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Comment: Re:That's great and all but... (Score 1) 259

by Optic7 (#48190537) Attached to: NASA's HI-SEAS Project Results Suggests a Women-Only Mars Crew

Yours may be the first post on Slashdot that I've seen arguing for political correctness over discussion of engineering realities getting an early +5 rating. Very interesting to see the replies to your post so far. If it had been the other way around (men more suitable than women for mars mission) and someone had complained about sexism, it would have been downmodded to oblivion and received a flood of "screw political correctness, accept the facts" replies.

As to the information related by the summary, if we extrapolate a little bit and think about colonization ideas while having to deal with similar engineering constraints, women would possibly win again. They would be able to taken frozen sperm with them to impregnate with after arrival, as opposed to having to transport couples.

Comment: Re:Was this ever anything but a slogan for sheep ? (Score 1) 376

by Optic7 (#48155207) Attached to: Pentagon Reportedly Hushed Up Chemical Weapons Finds In Iraq

Yeah, about that. Sorry, but there was no good or even half-bad reason for a ground invasion of Iraq; only fully bad to terrible reasons, involving intelligence errors and exaggerations (about chemical weapons) and outright lies (about nuclear weapons). Many many people paid the price, and are still paying the price (we all are, actually). So yes, "Bush lied people died" is still completely applicable, and his administration is still completely deserving of the hate and vitriol that it receives and will continue to receive, probably forever.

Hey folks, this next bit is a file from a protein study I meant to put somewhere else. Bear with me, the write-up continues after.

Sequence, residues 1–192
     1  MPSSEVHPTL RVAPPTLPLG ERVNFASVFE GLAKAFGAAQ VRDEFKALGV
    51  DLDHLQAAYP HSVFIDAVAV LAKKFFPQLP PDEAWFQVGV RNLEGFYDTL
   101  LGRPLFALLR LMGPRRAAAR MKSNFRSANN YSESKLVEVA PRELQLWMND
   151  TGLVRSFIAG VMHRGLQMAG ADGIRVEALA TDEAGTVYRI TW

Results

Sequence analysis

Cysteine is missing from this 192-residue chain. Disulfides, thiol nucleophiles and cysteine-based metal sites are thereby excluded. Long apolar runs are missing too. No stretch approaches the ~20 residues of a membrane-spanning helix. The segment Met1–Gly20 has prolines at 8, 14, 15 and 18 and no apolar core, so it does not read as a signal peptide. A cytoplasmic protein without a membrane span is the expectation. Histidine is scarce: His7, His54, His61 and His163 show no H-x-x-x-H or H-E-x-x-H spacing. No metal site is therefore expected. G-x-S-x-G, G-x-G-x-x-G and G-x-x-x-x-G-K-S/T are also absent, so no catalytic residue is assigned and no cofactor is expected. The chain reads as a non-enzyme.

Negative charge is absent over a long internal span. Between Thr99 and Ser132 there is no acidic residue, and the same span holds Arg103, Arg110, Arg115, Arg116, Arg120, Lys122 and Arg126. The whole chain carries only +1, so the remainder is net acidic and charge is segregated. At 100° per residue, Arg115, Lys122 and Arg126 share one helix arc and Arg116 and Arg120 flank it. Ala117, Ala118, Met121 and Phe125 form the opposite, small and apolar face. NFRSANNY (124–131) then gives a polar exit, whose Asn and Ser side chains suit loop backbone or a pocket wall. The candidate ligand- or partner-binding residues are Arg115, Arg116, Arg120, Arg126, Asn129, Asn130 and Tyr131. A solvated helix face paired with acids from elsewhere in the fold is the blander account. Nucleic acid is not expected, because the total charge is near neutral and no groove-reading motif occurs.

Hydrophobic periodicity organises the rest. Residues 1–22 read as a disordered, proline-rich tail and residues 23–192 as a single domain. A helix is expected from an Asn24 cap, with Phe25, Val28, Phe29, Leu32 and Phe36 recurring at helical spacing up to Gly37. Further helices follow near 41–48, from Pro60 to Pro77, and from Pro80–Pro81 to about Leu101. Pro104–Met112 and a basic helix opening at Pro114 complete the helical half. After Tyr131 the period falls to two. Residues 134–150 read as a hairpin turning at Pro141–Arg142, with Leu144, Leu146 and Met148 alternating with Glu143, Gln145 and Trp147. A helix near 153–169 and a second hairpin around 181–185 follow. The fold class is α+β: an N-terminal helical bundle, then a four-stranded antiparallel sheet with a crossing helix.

Comment: Hard problem, but gmail is one of the better ones (Score 1) 261

by Optic7 (#48135099) Attached to: Ask Slashdot: Why Can't Google Block Spam In Gmail?

In my experience, gmail is fairly good (the best?) about catching actual spam, but I still get both false positives and false negatives (a lot more of the former). That makes me believe that this is actually a very difficult problem to serve. The post above from someone who was a gmail engineer reinforces this impression.

However, how much spam you receive is largely under your control. I receive very little spam even in my spam folder - usually less than 5 a day. It basically boils down to keeping tight control over who gets your actual main personal email address. That should be reserved only for friends and family, and even then, I've thought about asking them to not enter my email address on any websites if I decide to change my main address some day.

Here's how I control the commercial emails (and consequently, spam):

1. You will need a domain name to use for receiving commercial emails (i.e. any website where you enter your email address), and domain hosting or at least an email forwarding service.

2. Configure the email forwarding/filtering to forward all emails or emails following a certain pattern for that domain to your real email address. I configured the option on my webhost to forward all email (a catch all, if you will), however, I've since learned that this is not the best way, because if your domain starts getting flooded with spam your domain could get blacklisted. Supposedly the best way is to configure a filter that has a "key" string. Let's say you use your initials: .jb (Joe Blow) - the filter would then only forward emails that contain .jb among the recipients' addresses.